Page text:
Increasing numbers of young drivers are deciding that learning to change gear in a car is a waste of time. The past 12 months has seen an 11 per cent year-on-year jump in the number of drivers qualifying with an automatic-only licence.
In 2012, there were just 550,000 drivers holding automatic-only licences. In 2021, that figure had doubled to 1.1 million.
According to a recent survey by safety charity IAM RoadSmart, around six in 10 youngsters between 17 and 24 plan to apply for an automatic-only licence.
Others think the popularity of automatic-only licences could go further, faster. Approved driving instructor Karen Bransgrove revealed: “The market for people learning to drive just an automatic has increased 10-fold over the past few years. I now have an automatic and wouldn’t teach driving a manual.”
The driving licence is an unsung part of many of our lives but it’s going to change soon. The government has revealed it wants all driving licences to be digital from 2024. It is developing a smartphone app that everyone will have their driving licence on.
To celebrate the impending demise of the driving licence, take our cunning quiz to see how much you know about it.
If your learning to drive was delayed by the COVID-19 pandemic, you’ll be relieved to hear things are getting back to normal.
Driving lessons have been held again since the beginning of July. Learners who feel they’re ready have been able to book a test since August 26. However, reserving a test slot has proved difficult because of technical difficulties with the Driver and Vehicle Standards Agency (DVSA) website. Read on to find out more about learning to drive and taking the test.
The country is having a second COVID-19 lockdown from 5 November to 2 December. What does this mean for car owners? Read on to find out about MOTs, what’s happening with petrol stations, and what other motoring services are and aren’t available.
Getting the keys to the open road is an exciting moment. But changes are afoot (Picture iStock/Londoneye)
New drivers could face a strict probationary period after they’ve passed their test. Plans drawn up by the government will restrict what newly qualified drivers can do when they hit the road. The government wants to slash the disproportionately high number of accidents involving the 17-24 age group.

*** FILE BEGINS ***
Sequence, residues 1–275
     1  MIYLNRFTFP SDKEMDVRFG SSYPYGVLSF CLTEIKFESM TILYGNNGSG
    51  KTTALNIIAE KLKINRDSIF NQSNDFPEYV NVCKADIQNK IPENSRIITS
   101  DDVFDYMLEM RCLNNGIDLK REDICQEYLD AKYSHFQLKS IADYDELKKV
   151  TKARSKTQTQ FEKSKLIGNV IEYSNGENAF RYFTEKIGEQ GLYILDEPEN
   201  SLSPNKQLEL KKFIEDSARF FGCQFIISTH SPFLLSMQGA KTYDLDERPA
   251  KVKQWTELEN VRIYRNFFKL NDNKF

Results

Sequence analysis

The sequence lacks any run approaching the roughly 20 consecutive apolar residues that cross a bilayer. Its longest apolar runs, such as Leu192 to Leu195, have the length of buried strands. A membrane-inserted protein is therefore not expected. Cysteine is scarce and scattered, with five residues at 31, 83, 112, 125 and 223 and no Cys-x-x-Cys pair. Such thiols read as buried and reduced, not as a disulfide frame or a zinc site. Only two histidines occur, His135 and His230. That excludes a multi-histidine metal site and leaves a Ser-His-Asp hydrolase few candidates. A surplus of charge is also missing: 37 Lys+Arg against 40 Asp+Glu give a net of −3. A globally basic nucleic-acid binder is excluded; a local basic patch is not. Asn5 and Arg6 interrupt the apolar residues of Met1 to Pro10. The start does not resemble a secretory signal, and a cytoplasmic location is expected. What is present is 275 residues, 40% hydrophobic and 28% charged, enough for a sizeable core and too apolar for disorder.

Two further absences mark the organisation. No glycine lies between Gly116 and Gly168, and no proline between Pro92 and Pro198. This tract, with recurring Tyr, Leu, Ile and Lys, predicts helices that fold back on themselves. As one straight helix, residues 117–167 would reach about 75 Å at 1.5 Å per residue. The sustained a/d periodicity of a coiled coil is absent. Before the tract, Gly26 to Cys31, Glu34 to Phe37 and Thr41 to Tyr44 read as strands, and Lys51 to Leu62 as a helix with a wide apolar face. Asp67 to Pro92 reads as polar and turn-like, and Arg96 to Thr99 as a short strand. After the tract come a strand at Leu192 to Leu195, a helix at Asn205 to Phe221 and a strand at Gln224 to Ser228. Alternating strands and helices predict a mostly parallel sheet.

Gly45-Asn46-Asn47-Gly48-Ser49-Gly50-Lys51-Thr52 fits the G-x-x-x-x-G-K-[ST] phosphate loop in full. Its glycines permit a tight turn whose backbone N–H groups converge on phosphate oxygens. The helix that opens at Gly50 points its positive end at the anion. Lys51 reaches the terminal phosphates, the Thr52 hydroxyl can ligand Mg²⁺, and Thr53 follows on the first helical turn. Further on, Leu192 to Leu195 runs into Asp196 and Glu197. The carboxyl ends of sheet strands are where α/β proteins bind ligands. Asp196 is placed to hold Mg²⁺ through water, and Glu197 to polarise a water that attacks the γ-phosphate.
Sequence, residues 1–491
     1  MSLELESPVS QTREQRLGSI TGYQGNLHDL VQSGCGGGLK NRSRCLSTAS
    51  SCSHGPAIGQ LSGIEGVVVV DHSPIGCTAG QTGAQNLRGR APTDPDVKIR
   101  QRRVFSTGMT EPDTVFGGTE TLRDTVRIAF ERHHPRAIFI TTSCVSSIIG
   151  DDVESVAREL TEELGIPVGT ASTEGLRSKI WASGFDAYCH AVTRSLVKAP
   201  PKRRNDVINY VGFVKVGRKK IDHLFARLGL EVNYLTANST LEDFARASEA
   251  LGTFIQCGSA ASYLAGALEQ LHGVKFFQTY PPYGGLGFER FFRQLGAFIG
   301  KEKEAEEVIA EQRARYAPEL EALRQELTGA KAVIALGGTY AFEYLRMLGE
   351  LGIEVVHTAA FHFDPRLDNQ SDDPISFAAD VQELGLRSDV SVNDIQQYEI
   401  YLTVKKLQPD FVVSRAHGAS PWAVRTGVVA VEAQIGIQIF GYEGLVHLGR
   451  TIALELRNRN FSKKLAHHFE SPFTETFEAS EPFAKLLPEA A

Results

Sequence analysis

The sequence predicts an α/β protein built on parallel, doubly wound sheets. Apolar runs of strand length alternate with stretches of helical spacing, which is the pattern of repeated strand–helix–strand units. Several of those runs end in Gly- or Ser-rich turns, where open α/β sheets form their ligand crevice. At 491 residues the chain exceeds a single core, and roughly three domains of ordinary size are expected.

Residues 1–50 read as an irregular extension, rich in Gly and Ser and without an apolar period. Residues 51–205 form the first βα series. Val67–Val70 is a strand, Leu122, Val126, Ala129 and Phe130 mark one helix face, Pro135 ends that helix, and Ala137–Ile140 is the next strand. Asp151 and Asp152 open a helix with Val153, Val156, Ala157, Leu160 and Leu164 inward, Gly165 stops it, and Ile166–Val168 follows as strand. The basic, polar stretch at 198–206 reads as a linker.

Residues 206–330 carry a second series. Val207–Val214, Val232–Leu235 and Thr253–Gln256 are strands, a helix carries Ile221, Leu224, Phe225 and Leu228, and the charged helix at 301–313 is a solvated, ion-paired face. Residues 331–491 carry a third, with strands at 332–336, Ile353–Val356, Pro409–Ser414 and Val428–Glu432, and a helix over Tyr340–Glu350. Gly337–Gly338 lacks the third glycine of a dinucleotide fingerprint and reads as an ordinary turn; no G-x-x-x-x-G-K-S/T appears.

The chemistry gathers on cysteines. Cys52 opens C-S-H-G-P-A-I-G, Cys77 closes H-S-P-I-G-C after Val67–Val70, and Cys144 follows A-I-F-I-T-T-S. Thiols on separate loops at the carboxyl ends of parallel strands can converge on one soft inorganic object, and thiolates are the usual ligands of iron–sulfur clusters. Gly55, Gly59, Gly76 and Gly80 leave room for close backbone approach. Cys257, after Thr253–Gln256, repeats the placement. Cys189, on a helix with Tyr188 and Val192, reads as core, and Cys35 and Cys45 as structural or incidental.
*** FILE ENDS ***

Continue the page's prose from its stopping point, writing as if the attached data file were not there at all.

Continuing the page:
A Driver Vehicle Standards Agency (DVSA) spokesperson explained: “Graduated Driver Licensing (GDL) will establish a revised training and testing regime for car drivers and motorcyclists. It will introduce some post-test restrictions for drivers/riders to reduce the over-representation of new – mainly young – drivers/riders in fatal and serious road collisions.” Read on to find out more.
New research has revealed that the stopping distance prescribed by the government’s Highway Code is too short. They now believe it could take drivers half as much time again to come to a halt in an emergency. Road safety campaigners have called on the government to undertake an urgent review. They want the stopping distance section of the Highway Code revised.
In order to handle a car legally on public roads in the UK, new drivers have to pass a 40-minute driving test. But to ensure the test better prepares drivers for modern motoring, the biggest shake up in 20 years is happening in December 2017.
The driving test will still last the same amount of time and still be marked the same way. It will still cost £62 on weekdays, £75 for evenings, weekends and bank holidays. But from Monday December 4, the driving test in England, Scotland and Wales will face the most far-reaching changes since the addition of the theory test in 1996. Here are the four new features budding drivers will encounter.
To many people, the driving test is a rite of passage. Like turning 16, heading off to university or arriving for the first day of work, ripping up the L-plates is something we all remember.
However, some drivers look back and feel a chill run down their spine. The driving test may have been one of the most stressful times of their life. And to make matters worse, it may have taken several attempts to pass.
All too often, that’s because they unwittingly sat the examination in an area with one of the lowest pass rates in the UK.
Believe it or not, at the UK’s toughest test centres, less than a third of candidates get their licence. The most successful areas see a staggering 80 per cent pass first time.
The driving test is entering the digital age, after the government announced changes that are designed to reflect the widespread use of satellite navigation systems in cars.
Learner drivers will be expected to safely follow directions from a sat nav system or they will fail their driving test. And they will spend twice the amount of time – now 20 minutes – driving independently, without guidance from the examiner.
The changes are part of a package of revisions that will come into force from 4 December. The objective is to provide a more realistic assessment of driving on today’s roads. Continue reading →
One government idea is for drivers to have a minimum 20 hours of driving at night before they can take their driving test
The number of people killed on Britain’s roads increased in 2014 and young drivers are still the most dangerous category of vehicle user. It’s prompted experts to call for a review of driver training. Road safety experts say figures show one in five young drivers aged 17 to 24 crashes within six months of passing their test. And road accidents are the biggest killer of young people in the UK, higher than both alcohol and drugs. We investigate plans to reverse that trend.